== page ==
Your organizational culture is the sum total of your shared beliefs, values, and practices – in short, the unique environment of your organization, or what makes your organization stand out! Culture is a hot topic in people management and building a positive culture is top of mind for leaders everywhere. Nonprofit organizations in particular are often known for emphasizing a people-first approach to management, and as a consequence, nonprofit leaders dream of establishing, nurturing, and enjoying a positive, productive, and strong organizational culture. After all, your culture is the foundation on which everything else rests – it can make or break your organization’s reputation and has an enormous influence over success.
But creating and sustaining the culture you want isn’t just about throwing around some buzzwords and organizing a few team-building activities. Before you dive into a culture revamp, there are a few important activities to keep in mind.
Check in with your core values.
Culture is more than an empty buzzword – your culture needs to be embedded in everything you do, and in how you do it. Effective culture building is about articulating, communicating, and consistently building on the core values of what your organization stands for. Chances are, the mission, vision, and values of your organization are already defined, but before you embark on a culture-building crusade, it’s worth revisiting whether they still effectively answer the questions: What does your organization stand for? Who are you and what do you do? And most importantly, how do you want to do it?
Once you’ve defined your values and what the culture you want to achieve looks like, the next step is to develop language to communicate where you’re headed that reflects those values. Build excitement around culture changes and seek input from employees at all levels of the organization to get buy-in. Consistent messaging is key here – if you haven’t defined what you’re working towards, odds are you won’t get there.
Promote the behaviour you want to see.
Creating the culture you want takes time, and consistently promoting a positive, well-defined company cultures doesn’t just happen – it requires the conscious effort of your whole team pulling together in the same direction. For that to happen, management needs to take the lead! Encouraging the actions you want to see is most effective when it starts at the top. This means your leaders need to be the strongest representations of your organization’s values and model the culture you aim to promote.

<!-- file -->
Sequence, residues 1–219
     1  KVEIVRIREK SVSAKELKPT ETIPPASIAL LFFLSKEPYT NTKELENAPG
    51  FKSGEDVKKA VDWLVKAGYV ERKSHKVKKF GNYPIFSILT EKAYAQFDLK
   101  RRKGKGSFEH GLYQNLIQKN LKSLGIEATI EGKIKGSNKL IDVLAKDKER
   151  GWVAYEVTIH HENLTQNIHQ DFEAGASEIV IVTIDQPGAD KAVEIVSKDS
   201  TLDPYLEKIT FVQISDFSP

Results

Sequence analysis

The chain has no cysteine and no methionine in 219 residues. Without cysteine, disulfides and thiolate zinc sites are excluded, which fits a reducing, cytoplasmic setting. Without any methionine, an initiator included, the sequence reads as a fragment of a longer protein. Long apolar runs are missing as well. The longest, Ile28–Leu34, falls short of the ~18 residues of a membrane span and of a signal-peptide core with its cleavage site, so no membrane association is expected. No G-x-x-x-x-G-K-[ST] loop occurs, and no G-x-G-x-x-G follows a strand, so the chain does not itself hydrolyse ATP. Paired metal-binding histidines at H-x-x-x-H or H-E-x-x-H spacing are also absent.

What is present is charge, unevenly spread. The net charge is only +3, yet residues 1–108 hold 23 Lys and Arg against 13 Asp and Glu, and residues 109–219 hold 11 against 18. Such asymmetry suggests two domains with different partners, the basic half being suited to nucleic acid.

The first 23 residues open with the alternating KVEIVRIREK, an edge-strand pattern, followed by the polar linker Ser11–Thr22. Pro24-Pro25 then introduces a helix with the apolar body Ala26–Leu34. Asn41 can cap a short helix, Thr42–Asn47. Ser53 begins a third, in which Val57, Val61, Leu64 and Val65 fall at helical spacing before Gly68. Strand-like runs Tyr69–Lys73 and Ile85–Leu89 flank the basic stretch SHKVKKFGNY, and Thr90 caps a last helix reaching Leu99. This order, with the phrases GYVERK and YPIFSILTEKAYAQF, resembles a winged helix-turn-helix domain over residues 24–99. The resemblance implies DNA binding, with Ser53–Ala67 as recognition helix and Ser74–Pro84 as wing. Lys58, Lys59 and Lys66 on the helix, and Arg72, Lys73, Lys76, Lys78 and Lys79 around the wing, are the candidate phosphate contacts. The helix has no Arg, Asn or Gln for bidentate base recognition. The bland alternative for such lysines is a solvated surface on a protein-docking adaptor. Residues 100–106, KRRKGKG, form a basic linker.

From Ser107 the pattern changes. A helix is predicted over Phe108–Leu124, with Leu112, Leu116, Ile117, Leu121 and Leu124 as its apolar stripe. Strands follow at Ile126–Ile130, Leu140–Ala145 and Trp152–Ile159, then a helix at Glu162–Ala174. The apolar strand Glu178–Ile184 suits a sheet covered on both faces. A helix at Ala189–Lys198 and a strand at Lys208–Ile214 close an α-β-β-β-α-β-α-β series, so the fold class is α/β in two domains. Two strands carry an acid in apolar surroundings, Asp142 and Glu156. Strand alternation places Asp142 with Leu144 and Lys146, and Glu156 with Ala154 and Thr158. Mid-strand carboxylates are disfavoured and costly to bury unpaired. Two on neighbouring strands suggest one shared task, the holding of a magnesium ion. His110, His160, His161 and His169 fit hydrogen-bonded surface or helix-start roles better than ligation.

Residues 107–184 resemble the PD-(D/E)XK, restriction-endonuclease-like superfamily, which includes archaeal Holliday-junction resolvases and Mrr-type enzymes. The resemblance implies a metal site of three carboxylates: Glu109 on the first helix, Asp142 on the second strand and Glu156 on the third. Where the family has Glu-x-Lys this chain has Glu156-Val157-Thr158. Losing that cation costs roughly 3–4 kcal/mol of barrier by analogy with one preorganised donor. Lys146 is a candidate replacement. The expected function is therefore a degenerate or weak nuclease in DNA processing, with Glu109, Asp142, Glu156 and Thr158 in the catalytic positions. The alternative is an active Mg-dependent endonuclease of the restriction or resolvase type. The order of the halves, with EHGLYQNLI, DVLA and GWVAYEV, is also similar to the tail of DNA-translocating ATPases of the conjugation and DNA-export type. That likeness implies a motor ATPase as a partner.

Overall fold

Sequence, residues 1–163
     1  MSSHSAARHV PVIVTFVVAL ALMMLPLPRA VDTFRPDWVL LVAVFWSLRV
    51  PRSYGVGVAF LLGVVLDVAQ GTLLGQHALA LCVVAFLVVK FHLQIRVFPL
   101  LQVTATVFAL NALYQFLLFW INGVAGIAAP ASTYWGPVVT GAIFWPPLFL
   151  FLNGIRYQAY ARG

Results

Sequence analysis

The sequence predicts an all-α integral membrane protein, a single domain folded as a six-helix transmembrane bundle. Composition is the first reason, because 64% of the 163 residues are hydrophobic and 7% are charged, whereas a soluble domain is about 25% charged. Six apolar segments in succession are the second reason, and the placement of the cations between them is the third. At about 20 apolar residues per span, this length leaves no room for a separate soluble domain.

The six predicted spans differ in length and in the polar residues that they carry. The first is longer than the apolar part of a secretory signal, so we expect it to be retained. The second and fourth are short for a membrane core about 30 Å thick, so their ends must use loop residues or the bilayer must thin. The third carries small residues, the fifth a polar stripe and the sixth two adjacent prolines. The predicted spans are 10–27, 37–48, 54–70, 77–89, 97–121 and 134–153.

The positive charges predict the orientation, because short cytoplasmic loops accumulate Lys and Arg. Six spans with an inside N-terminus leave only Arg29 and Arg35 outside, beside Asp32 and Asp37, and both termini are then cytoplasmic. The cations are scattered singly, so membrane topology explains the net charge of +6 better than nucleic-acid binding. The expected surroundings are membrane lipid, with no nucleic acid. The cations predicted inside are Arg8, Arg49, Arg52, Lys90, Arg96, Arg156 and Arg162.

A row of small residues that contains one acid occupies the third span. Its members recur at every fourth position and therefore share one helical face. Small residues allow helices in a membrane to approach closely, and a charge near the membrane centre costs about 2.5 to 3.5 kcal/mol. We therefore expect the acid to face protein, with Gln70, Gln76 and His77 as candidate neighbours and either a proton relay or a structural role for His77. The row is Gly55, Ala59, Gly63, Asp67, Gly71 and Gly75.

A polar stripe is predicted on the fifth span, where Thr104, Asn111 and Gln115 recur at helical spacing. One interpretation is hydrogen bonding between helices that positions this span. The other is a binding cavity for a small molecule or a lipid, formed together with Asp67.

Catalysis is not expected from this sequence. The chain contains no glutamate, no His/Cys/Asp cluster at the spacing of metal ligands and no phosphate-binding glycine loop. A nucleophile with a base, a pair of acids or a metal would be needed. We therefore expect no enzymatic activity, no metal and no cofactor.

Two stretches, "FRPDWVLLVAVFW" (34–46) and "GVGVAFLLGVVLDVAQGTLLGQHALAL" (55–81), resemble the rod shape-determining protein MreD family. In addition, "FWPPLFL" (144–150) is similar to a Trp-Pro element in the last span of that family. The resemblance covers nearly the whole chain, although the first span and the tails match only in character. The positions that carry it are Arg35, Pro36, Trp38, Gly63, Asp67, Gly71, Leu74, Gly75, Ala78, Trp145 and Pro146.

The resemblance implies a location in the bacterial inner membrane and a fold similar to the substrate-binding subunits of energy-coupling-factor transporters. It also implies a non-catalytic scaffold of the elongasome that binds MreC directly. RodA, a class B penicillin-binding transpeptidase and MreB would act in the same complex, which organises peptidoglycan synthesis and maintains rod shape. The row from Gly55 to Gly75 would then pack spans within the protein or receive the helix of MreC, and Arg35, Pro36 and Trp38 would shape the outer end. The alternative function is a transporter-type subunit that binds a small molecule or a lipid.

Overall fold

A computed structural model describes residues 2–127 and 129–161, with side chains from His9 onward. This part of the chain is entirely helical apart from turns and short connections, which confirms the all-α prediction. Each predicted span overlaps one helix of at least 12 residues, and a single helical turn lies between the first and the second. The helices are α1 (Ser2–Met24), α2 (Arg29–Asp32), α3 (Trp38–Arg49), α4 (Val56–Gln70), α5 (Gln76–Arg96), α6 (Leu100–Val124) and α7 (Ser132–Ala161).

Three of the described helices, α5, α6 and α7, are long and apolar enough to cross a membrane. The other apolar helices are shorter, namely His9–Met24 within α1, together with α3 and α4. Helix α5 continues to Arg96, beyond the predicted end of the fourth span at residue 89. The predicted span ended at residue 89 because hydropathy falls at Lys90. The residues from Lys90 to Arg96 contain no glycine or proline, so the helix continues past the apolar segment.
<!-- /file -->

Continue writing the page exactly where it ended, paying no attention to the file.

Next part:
Where to start? Work with your strengths! Focus on the positive aspects of your culture that you want to promote, identify the specific actions and attitudes you want to see more of, and build on those aspects to enjoy cumulative effects. To keep momentum consistently high, it can be helpful to assign culture development to a “culture champion”. While culture promotion shouldn’t be the sole responsibility of one individual, designating accountability improves the chance you’ll stay on track.
Cultural patterns can be hard to change, and entrenched company cultures aren’t always healthy. Though you may have a strong culture, that doesn’t mean it’s necessarily the one you want! Negative patterns and actions can cause stagnation, and bog organizations down in old, entrenched ways of operating while obstructing positive change. Remain open to getting rid of cultural “dead weight” by identifying and discouraging patterns, attitudes and behaviours that aren’t in line with the culture and values you’re working to promote.
Hire for fit.
Recruitment activities and culture-building go hand-in-hand and hiring for culture fit is an important component of your overall culture-building strategy. Hiring for fit doesn’t mean everyone in your organization needs to fit a certain cookie-cutter ideal – especially for nonprofit organizations where promoting diversity can be a huge strategic advantage. Hiring for fit means that you actively look for new hires who exhibit the behaviours and values that align with the culture you want to nurture, and whose attitude and prior performance are consistent with the behaviour you want to see more of on your team. Actively promote your employer brand and build your pipeline to attract candidates whose values are in sync with yours and communicate your culture throughout the recruitment process so that candidates who aren’t on board can self-select out.
The Takeaway? Building the kind of culture you want takes focus, clarity, and the buy-in of your entire team. While it sounds like a lot of work, the return on investment is high – so, if you haven’t done a culture check-in lately, now’s the perfect time!
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